Two Second Empire rowhouses whose upper floors are fairly well preserved. The one on the right has had some adventures on the ground floor, possibly including a storefront at some point. Note the wooden shingles on the house on the left.
Second Empire Houses on Sarah Street, South Side
Victorian Row on Sarah Street, South Side
A fine block of rowhouses on the north side of Sarah Street.
Hotel Lieb, South Side
Here are some utility cables with an old hotel behind them. The Hotel Lieb was a neighborhood hotel in the common Pittsburgh sense of being a bar with a few rooms above, because liquor licenses were fiendishly hard to get for bars but easy for hotels. It was built in the early 1900s at the intersection of Sarah Street with the oddly angled 29th Street, and the unusual angle is mitigated by cutting off the corner and putting the entrance there.
A Walk on the South Side with a Black-and-White Camera
It was not really a black-and-white camera; it was old Pa Pitt’s nineteen-year-old Samsung Digimax V4, a strange beast that was made for photography enthusiasts who wanted something that would fit in the pocket but still had most of the options of a sophisticated enthusiast’s camera. Father Pitt has set the user options to black-and-white. There is no good reason for doing so: obviously the camera collects color data and throws the colors away, and the colors could just as well be thrown away in software after returning from the expedition. But knowing that the picture must be black and white forces one to think in terms of forms rather than colors. So here are half a dozen pictures from a walk through the South Side Flats.
Rowhouses on Sarah Street, South Side
Sarah Street was the prime residential street of East Birmingham (the part of the South Side between 17th and 26th Streets), and it retains some of Pittsburgh’s most distinguished rowhouses. The one above is a splendidly eclectic mix—a bit of Italianate, a bit of Gothic, a bit of Second Empire. Note how much effort has gone into making interesting patterns in the bricks.
Here is another house in a similarly eclectic style. The parlor window is treated almost identically, but the upper floors vary the theme considerably.
This is not strictly a rowhouse, since it is detached from its neighbors by a narrow alley on each side; but since it is connected to those neighbors by a pair of gates, it is as near a rowhouse as makes no difference. This is a fine example of the Italianate style in a city house, and the owners have had some fun picking out the ornamental details with an unusual but effective paint scheme.
Two Parlor Windows from the South Side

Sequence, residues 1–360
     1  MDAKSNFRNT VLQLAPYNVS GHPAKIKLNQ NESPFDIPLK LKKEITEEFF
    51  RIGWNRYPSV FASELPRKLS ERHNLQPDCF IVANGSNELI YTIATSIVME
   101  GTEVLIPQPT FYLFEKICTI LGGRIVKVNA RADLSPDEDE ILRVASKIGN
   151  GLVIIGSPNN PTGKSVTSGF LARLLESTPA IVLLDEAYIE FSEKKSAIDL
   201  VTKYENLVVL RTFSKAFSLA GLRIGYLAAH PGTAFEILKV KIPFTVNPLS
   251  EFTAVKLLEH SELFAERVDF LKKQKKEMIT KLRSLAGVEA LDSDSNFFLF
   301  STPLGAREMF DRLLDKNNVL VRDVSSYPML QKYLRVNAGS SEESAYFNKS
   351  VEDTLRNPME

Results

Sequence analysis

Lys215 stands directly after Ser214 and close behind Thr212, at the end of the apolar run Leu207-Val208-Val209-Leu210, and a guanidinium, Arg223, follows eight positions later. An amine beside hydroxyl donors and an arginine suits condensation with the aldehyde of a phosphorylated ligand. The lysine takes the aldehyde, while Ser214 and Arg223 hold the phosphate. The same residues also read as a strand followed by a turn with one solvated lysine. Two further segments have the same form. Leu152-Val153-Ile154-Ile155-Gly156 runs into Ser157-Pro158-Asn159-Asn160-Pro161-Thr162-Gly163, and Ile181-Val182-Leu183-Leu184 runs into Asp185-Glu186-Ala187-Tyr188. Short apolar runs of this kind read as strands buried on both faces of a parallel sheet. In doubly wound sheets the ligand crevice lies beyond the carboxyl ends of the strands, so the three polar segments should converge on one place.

In a Victorian rowhouse, the parlor window—the ground-floor window facing the street—was an opportunity for the homeowners to display their taste and, even more important, their ability to pay skilled craftsmen to decorate their houses with woodwork and stained or leaded glass. Above, even the masonry is incised with decorative patterns.
Civil-War-Era Rowhouse, South Side
There are many houses of this age in East Birmingham, the section of the South Side between 17th and 27th Streets that was laid out in the middle 1800s. Most of them are anonymous and unremarked. This one, however, has a specific date and pedigree, according to a sign placed on it when it was renovated thirty years ago:
We notice the choice of the word “renovated” rather than “restored,” which is appropriate. The details are a little off for the age of the house, particularly the windows and doorway. Old Pa Pitt suspects that the house had already been altered that way, and the new owners worked with what they had to make the exterior look attractive if not historically correct. At any rate, hundreds of houses on the South Side are in similar shape, but few of them have a known date and history.
Sarah Street, Between 19th and 20th
Streetscape of Sarah Street, with typical South Side rowhouses, a small synagogue, and the South Side Presbyterian Church at the end of the block.
St. Casimir’s, South Side
In a crowded neighborhood with narrow streets, getting a picture of a large church like this is almost impossible without resorting to computer trickery. Fortunately old Pa Pitt has never been above computer trickery, and this is actually a composite of two photographs. The seams are nearly invisible, but if you look closely, you may notice the same pedestrian appearing twice at different points on the sidewalk.
Like many Catholic churches in the city, this one is no longer a worship site. Protestant churches can straggle on for decades with a dozen people showing up on Sunday, but the top-down organization of the Catholic Church makes it almost inevitable that decisions will be made on the basis of efficiency. St. Casimir’s, like the school formerly attached to it, is now condominium apartments.
Below, the distinctive towers, one of which is missing a column.
Front Door on Sarah Street